By Ashley Apodaca
The data for this story was released through the federal Home Mortgage Disclosure Act, which requires most lending institutions to report home mortgage loan application information to the government annually.
HMDA was passed by Congress in 1975 and has undergone several changes since then. Today, reporting institutions must include information about the mortgage applications they receive such as the amount asked for, the location of the property being purchased, and the type and outcome of loan application. Lending institutions are also required to report certain demographics of the loan applicants, including race, gender and income.
According to “A Guide to Home Mortgage Disclosure Act Data” by Kathryn Pettit and Audrey Droesch of the Urban Institute, the act was established to assist in:
¶ Determining whether financial institutions are successfully meeting their communities’ housing needs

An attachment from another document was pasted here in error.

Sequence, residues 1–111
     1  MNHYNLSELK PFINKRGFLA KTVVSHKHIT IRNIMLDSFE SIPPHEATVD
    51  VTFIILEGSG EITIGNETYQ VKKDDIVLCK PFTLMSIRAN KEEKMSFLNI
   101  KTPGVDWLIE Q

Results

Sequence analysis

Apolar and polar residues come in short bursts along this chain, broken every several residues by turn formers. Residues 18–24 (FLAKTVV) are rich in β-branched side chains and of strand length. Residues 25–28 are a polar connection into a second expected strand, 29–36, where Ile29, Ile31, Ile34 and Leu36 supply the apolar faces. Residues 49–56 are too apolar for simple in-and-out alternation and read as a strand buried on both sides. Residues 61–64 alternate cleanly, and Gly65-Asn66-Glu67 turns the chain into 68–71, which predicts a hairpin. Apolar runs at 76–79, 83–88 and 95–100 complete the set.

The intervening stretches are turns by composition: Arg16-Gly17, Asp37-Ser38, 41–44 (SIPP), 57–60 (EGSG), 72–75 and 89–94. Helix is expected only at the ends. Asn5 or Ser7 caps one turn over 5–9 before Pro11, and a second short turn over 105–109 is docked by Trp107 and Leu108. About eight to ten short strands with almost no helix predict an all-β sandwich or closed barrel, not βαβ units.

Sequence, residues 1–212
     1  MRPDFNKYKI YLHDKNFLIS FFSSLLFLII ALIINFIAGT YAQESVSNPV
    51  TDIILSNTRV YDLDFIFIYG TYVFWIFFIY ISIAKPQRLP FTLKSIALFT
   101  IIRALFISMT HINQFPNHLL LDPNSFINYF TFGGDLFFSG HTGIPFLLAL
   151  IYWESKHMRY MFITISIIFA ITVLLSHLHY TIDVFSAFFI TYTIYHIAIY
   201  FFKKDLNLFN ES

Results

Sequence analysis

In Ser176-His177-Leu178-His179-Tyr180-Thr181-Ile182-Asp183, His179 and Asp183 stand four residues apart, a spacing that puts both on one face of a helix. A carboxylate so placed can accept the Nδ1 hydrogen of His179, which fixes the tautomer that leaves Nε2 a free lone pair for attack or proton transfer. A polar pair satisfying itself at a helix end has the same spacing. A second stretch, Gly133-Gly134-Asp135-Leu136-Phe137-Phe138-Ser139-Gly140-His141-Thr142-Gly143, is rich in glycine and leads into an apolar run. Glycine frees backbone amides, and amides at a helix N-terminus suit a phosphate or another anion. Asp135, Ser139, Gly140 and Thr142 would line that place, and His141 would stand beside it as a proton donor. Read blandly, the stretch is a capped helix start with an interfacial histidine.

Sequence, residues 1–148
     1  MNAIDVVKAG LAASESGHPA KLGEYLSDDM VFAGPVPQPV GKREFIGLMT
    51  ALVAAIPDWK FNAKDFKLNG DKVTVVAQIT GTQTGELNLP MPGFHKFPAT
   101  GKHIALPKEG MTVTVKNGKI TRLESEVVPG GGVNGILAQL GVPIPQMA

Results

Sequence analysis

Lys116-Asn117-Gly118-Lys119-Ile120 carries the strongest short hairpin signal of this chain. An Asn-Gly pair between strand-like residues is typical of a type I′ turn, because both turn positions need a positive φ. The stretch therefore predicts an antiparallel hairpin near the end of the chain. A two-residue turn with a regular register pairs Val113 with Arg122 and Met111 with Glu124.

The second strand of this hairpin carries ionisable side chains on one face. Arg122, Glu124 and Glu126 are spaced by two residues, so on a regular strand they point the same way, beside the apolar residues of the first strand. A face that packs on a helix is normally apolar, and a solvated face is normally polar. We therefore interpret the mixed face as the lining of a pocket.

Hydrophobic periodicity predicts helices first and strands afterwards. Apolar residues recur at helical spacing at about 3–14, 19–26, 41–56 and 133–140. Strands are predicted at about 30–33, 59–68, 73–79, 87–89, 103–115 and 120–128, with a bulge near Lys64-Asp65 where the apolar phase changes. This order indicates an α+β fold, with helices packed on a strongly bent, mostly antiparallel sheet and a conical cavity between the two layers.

¶ Targeting community development funds in ways that attract private investment to areas most in need
¶ Identifying potentially discriminatory lending patterns
Instead of looking at the entire national HMDA dataset, we focused on Virginia and Maryland. We obtained and analyzed the 2012 and 2011 data for both states. Most of our analysis was done in Microsoft Access. We ran numerous cross-tabulations to calculate the loan denial rates for applicants from various ethnic and racial categories. Most of the cross-tabs required filtering the data by the applicants’ income — to ensure that we were comparing applicants of similar financial means.
Using this method, we were able to calculate the statewide loan approval and denial rates for each racial category in each income bracket. We then took it a step further by calculating the approval and denial rates in Richmond and Baltimore, again by race and income.
Lastly, for a historical comparison, we performed a similar analysis of the 2008 HMDA data for Virginia.
Here is a quick glimpse of the results of our analysis of the 2012 data. As you can see, African American and Latino applicants had much higher loan denial rates than white applicants in the same income group.